The overall tone of the article is one which argues that our record of economic diversification over the past ten years has been a miserable failure. Such is not the case. The Nevada Commission on Economic Development has directly created 46,700 new jobs since 1989, and assisted in the creation of thousands more. It assists local economic development agencies in many ways and sponsors programs to assist new employers in Nevada find, the quality employees they need.….

* * *

It is not often that I feel it necessary to write such a response, however, it is also infrequent that I read an article that is so obviously indifferent to the true facts at hand. After discussing the matter with the Governor’s office and discovering that neither that office nor my office had been contacted for comment while this article was being written, I was very disappointed at the reckless digression from standard journalistic practice. Neither the citizens of the State of Nevada nor the members of your organization are served or benefited when essays such as this are published under the false banner of true journalism.

Bob Shriver
CED Executive Director
Carson City

Steven Miller responds:

CED Director Shriver begins his letter by saying he felt compelled "to write and defend the record of this agency.…" However, the article that is his subject not only did not attack his agency, it went so far as to point out that, "given the relatively small state budget devoted to it, the Commission on Economic Development and its 12 regional development authorities spread throughout the state have performed well." Further, the article also included, in a separate, first-page box, a series of laudatory statistical self-appraisals the agency made of itself before the state legislature. And throughout the remainder of the story, the CED itself was everywhere given the benefit of the doubt.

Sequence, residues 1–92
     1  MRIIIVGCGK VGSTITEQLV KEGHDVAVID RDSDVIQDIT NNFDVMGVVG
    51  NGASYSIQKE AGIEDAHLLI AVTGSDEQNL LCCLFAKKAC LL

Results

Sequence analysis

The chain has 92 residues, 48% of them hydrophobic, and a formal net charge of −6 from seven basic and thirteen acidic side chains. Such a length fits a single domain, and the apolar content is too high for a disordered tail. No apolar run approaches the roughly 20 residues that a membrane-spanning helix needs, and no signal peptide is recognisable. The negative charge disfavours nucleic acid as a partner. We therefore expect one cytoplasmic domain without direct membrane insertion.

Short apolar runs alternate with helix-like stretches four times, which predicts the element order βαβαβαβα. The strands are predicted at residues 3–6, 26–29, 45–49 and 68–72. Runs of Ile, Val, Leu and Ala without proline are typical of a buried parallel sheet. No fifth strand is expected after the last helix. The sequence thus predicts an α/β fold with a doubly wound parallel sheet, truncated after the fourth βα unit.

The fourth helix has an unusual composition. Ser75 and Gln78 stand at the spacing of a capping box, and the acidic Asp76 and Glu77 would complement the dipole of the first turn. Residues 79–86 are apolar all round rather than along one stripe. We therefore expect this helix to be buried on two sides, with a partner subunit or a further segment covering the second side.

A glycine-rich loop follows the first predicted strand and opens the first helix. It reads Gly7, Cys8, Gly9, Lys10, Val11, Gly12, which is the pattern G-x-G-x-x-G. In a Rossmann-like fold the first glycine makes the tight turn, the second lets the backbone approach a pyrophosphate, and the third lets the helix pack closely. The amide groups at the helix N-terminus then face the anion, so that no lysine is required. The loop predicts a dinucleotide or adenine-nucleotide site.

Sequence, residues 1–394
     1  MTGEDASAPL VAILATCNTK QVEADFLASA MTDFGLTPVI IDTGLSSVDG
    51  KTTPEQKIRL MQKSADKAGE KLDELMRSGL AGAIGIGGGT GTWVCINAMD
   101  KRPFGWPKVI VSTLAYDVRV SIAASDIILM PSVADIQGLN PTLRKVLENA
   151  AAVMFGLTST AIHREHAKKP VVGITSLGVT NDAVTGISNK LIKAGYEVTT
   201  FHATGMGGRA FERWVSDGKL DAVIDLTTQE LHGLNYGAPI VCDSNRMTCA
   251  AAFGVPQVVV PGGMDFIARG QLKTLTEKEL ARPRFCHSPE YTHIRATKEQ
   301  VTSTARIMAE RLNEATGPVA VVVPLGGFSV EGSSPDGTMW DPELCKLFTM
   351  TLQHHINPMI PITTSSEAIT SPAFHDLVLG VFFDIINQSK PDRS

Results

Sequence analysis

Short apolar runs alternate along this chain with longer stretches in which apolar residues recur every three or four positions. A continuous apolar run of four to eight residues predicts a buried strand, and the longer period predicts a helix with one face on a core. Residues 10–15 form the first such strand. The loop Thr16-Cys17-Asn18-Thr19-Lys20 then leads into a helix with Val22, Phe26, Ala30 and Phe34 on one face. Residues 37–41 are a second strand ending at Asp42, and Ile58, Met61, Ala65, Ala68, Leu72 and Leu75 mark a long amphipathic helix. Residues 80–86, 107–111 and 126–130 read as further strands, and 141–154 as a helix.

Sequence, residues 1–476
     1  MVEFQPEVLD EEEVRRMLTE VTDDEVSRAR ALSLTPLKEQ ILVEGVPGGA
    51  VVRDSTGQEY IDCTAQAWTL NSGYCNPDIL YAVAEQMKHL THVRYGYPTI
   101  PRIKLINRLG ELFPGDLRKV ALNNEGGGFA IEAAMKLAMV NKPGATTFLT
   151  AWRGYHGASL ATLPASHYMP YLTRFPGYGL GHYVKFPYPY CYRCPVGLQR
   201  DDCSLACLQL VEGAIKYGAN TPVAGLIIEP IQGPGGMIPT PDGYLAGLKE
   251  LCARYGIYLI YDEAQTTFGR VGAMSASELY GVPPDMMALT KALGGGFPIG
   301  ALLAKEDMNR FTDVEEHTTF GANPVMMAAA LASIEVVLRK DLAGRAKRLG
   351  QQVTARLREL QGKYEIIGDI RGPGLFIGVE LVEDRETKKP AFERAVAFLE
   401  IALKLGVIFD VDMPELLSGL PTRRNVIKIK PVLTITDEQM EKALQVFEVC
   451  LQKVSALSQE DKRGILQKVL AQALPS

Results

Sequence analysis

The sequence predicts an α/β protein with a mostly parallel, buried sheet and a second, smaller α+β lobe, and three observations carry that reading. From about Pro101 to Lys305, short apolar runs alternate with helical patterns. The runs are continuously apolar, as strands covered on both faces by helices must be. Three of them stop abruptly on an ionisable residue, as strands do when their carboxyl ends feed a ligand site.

So what is really going on here? If the performance of the CED—given the budgetary and other constraints set on it by the legislature and the governor—was treated favorably by the article, why does the letter Mr. Shriver has signed seek so energetically to draw a different picture—and then reply at length (some 522 words, represented by the ellipsis) to an "attack" on the agency’s record which was never made?

It is difficult to avoid the conclusion that this is political indirection—prompted by the article’s reporting of slovenly indifferent management of the economic diversification problem by the governor’s office. Thus, high-volume theatrics about "reckless digression from standard journalistic practice" have been launched, in an effort to obscure the actual content and focus of the article.